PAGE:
Measuring the utility of search engine result pages : an information foraging based measure

Azzopardi, Leif and Thomas, Paul and Craswell, Nick (2018) Measuring the utility of search engine result pages : an information foraging based measure. In: 41st International ACM SIGIR Conference on Research and Development in Information Retrieval, 2018-07-08 - 2018-07-12.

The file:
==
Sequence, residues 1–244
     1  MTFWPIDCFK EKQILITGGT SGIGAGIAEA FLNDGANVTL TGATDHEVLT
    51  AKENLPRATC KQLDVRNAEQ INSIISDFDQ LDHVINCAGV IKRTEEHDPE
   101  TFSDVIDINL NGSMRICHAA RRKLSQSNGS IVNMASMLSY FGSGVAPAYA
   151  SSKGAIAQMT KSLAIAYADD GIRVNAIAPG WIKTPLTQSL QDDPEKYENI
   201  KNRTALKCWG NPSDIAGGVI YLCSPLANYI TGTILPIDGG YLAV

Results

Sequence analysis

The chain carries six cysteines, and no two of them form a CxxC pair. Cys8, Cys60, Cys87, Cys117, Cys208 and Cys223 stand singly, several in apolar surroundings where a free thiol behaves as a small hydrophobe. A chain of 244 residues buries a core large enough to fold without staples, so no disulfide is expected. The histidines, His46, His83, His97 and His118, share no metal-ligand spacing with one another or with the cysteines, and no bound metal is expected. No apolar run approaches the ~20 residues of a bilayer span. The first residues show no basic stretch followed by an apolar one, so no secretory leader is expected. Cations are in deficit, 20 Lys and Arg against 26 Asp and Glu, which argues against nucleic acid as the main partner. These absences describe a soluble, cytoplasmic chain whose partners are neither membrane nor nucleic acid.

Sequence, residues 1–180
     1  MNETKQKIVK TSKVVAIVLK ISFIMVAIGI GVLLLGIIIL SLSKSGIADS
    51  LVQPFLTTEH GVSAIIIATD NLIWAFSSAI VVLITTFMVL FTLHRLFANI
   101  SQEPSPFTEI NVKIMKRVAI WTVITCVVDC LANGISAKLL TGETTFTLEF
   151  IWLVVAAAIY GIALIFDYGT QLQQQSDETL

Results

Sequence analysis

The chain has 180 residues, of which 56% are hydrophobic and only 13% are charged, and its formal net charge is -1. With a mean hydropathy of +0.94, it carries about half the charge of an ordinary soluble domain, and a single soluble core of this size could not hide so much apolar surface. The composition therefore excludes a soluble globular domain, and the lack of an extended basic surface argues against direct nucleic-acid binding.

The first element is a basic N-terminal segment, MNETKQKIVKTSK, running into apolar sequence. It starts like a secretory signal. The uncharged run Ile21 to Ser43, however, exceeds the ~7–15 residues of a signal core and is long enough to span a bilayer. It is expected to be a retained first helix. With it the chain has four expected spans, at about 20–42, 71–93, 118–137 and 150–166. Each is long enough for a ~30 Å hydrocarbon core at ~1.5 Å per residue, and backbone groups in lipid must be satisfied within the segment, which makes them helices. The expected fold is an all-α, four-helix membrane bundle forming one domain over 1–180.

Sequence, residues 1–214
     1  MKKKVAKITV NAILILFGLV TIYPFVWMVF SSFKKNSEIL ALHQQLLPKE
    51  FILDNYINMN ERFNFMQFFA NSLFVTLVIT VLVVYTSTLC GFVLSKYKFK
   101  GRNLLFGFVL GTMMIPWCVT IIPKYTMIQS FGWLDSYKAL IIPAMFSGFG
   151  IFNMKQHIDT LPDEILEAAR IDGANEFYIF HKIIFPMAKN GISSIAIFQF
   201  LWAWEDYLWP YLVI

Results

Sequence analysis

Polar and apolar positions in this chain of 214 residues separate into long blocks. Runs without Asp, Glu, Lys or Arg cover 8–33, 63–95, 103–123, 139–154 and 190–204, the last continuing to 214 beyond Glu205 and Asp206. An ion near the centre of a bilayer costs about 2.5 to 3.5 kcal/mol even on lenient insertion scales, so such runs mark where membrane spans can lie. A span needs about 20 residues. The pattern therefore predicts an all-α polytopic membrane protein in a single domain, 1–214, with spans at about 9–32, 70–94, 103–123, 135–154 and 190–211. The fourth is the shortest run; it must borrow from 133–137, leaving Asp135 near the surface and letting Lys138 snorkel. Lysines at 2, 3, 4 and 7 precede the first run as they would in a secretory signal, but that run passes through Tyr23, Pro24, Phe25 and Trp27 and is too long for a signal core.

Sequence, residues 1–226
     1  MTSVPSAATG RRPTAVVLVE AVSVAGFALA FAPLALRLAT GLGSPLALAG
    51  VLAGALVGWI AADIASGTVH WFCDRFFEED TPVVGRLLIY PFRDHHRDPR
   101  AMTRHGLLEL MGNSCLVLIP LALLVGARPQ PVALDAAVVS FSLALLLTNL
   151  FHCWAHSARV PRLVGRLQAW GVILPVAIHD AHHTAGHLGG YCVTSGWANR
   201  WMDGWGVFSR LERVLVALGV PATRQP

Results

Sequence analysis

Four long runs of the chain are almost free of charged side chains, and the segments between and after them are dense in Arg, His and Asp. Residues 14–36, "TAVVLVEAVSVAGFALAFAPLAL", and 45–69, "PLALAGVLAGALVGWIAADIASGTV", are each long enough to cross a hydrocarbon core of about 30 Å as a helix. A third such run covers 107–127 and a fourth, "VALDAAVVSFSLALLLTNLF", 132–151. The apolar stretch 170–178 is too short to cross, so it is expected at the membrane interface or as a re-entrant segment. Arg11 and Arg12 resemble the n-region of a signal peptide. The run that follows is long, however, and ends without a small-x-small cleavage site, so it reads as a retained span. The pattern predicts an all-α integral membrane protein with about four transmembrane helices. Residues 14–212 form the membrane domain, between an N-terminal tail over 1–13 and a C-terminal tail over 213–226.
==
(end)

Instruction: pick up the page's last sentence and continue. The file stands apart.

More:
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    Web Search Engine Result Pages (SERPs) are complex responses to queries, containing many heterogeneous result elements (web results, advertisements, and specialised “answers”) positioned in a variety of layouts. This poses numerous challenges when trying to measure the quality of a SERP because standard measures were designed for homogeneous ranked lists. In this paper, we aim to measure the utility and cost of SERPs. To ground this work we adopt the C/W/L framework which enables a direct comparison between different measures in the same units of measurement, i.e. expected (total) utility and cost. Within this framework, we propose a new measure based on information foraging theory, which can account for the heterogeneity of elements, through different costs, and which naturally motivates the development of a user stopping model that adapts behaviour depending on the rate of gain. This directly connects models of how people search with how we measure search, providing a number of new dimensions in which to investigate and evaluate user behaviour and performance. We perform an analysis over 1000 popular queries issued to a major search engine, and report the aggregate utility experienced by users over time. Then in an comparison against common measures, we show that the proposed foraging based measure provides a more accurate reflection of the utility and of observed behaviours (stopping rank and time spent).